Leadership transitions in universities: arriving, surviving and thriving at the top

Arriving, surviving, thriving. Tom Kennie and Robin Middlehurst from Ranmore Consulting reflect on their recent webinar for AHUA, in which members discussed their experiences of recruiting a new Vice-Chancellor or equivalent.

After enjoying the May Bank Holiday weekend, 24 members and associates of AHUA joined us to discuss their experience of, and roles in, recruiting a new Vice-Chancellor or equivalent.

Our webinar was structured around these questions:

  1. Has your institution recently recruited a new Vice-Chancellor or equivalent?
  2. Is it likely to be doing so in the next year or so?
  3. What roles have you played in the process, or are likely to play in the future?
  4. How can you optimize the recruitment process to accelerate entry and performance in the early days, as well as minimising any risk of early derailment?

The majority of participants indicated that they either had experience of recruiting for the top leadership role, or were in the process of recruitment and selection.

Their roles included:

  • setting up and managing the search committee
  • choosing and working with an Executive Search firm to identify potential candidates
  • engagement with the selection process
  • organising an induction for the new incumbent.

Digging a bit deeper, an online poll invited views from participants on the effectiveness of current approaches to leadership appointments, and transitions at the top in higher education.

It elicited that 56% of participants agreed that there was a need for some fresh thinking.

A further 25% agreed with the statement: “We need a debate and to make some changes.” This is a total of 81%.

The same poll was repeated at the end of the session, where the total for these two statements had increased to 88%.

It would be interesting to hear the views on the effectiveness of recruitment and transition processes from the wider AHUA membership.

In discussion, a number of concerns were raised about current recruitment practices for Vice-Chancellors.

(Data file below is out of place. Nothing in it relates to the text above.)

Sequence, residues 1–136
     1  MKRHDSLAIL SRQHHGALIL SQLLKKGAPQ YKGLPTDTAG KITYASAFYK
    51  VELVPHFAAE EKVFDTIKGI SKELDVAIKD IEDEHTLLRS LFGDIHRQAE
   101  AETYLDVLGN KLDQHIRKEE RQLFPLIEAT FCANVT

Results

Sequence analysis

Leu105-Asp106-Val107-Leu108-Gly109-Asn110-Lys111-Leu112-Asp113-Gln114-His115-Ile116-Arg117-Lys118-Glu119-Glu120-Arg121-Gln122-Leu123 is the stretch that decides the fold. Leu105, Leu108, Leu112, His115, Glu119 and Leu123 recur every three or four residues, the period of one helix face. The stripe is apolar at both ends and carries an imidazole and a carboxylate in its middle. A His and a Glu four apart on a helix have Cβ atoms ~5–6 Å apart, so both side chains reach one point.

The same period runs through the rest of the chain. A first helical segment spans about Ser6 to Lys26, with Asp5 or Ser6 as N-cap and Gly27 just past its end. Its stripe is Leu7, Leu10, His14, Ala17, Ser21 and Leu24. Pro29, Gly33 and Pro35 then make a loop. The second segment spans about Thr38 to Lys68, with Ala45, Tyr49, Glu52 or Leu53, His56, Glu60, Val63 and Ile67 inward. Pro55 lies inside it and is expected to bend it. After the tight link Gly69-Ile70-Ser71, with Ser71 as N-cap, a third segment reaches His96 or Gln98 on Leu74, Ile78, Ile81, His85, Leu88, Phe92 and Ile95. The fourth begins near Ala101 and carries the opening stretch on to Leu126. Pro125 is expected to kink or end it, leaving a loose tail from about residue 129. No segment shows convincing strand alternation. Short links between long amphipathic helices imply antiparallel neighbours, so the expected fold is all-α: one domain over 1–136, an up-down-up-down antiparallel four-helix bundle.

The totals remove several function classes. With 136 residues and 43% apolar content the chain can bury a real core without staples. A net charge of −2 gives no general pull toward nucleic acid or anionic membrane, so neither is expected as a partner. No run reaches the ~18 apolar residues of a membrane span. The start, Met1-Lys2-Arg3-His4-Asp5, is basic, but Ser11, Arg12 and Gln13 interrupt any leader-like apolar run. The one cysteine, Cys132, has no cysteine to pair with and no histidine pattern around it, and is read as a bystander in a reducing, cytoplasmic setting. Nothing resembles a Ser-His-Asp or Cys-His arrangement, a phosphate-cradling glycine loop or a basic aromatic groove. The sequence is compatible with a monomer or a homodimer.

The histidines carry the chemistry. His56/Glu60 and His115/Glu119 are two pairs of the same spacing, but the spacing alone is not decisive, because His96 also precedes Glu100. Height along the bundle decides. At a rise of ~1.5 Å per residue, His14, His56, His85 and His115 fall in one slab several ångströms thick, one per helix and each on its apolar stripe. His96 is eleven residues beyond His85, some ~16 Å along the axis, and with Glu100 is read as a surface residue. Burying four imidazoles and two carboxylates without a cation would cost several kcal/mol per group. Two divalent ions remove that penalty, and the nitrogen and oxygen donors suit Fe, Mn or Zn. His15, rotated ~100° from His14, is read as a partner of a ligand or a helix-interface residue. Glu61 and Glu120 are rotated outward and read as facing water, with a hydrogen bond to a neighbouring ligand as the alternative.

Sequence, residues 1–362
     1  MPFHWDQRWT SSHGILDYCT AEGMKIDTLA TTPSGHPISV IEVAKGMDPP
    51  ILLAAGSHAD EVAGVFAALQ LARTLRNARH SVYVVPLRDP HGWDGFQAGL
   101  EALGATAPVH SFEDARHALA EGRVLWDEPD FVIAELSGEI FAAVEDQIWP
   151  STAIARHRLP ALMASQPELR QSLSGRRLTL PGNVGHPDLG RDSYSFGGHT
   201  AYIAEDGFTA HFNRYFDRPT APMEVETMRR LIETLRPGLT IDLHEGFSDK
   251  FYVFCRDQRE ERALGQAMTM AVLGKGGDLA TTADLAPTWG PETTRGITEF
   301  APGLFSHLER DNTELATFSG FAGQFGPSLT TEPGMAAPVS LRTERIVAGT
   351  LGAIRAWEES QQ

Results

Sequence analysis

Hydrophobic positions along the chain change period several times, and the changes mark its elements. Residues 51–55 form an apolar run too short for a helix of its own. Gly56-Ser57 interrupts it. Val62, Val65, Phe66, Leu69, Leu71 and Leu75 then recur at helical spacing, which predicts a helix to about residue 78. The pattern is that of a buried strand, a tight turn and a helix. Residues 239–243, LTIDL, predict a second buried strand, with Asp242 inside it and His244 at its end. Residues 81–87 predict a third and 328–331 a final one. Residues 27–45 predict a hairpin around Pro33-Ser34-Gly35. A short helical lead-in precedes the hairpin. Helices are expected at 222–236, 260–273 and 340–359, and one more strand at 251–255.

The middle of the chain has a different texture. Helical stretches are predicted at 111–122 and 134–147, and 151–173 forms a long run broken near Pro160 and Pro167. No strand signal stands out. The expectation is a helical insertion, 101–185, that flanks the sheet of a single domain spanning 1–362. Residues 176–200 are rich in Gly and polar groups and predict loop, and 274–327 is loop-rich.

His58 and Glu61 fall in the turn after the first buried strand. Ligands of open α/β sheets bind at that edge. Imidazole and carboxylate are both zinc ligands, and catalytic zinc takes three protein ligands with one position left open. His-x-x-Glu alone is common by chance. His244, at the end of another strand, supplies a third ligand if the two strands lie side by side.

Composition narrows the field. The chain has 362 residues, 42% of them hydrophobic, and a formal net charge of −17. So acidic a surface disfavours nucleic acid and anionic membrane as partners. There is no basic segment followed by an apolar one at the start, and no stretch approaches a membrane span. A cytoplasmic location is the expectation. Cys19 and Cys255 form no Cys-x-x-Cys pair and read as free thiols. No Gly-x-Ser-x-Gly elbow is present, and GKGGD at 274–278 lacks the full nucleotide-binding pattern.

For example, a small number of Search firms currently dominate the marketplace. They might be involved in more than one university recruitment process at any one time. Due diligence processes and assessment of candidates’ capabilities and character were not always optimal. Furthermore, not enough attention was necessarily paid to a candidate’s fit with the organisation.

Questions were also asked about the skills and ability of the Board to make the selection decision, particularly without extensive consultation with the wider university community about the requirements of the role, and type of candidate that might be suitable.

Was a research background a top priority in reality, and why were more Chief Operating Officers not appointed? Wasn’t there a need for a fundamental re-think about the skills needed for a modern Vice-Chancellor, given significant current, and future, changes in the sector?

Both the poll results and the discussion echoed the experiences of a sample of heads of universities in the UK.

Their experiences – and stories of transition – are recorded in our new book, Leadership Transitions in Universities: Arriving, Surviving and Thriving at the Top, published by Routledge in May 2021.

Through the research undertaken for the book, and our wider experience of leadership development, we came to the conclusion that a different and more comprehensive approach to ‘search and selection’ was needed in the UK university sector.

We propose a process called ‘Integrated Leadership Transitions,’ which takes account of, and provides support for, the wider web of transitions that is involved in Vice-Chancellor succession.

We suggest that a more considered and integrated approach could nudge the odds in favour of successful transitions, and away from painful and costly failures for both individuals and institutions.

For more information about this topic, we invite you to visit leadership transitions at the top.

You can also view a recording of the webinar.

Tom Kennie and Robin Middlehurst are the authors of ‘Leadership Transitions in Universities: Arriving, Surviving and Thriving at the top,’ available in hardback, paperback, and e-book.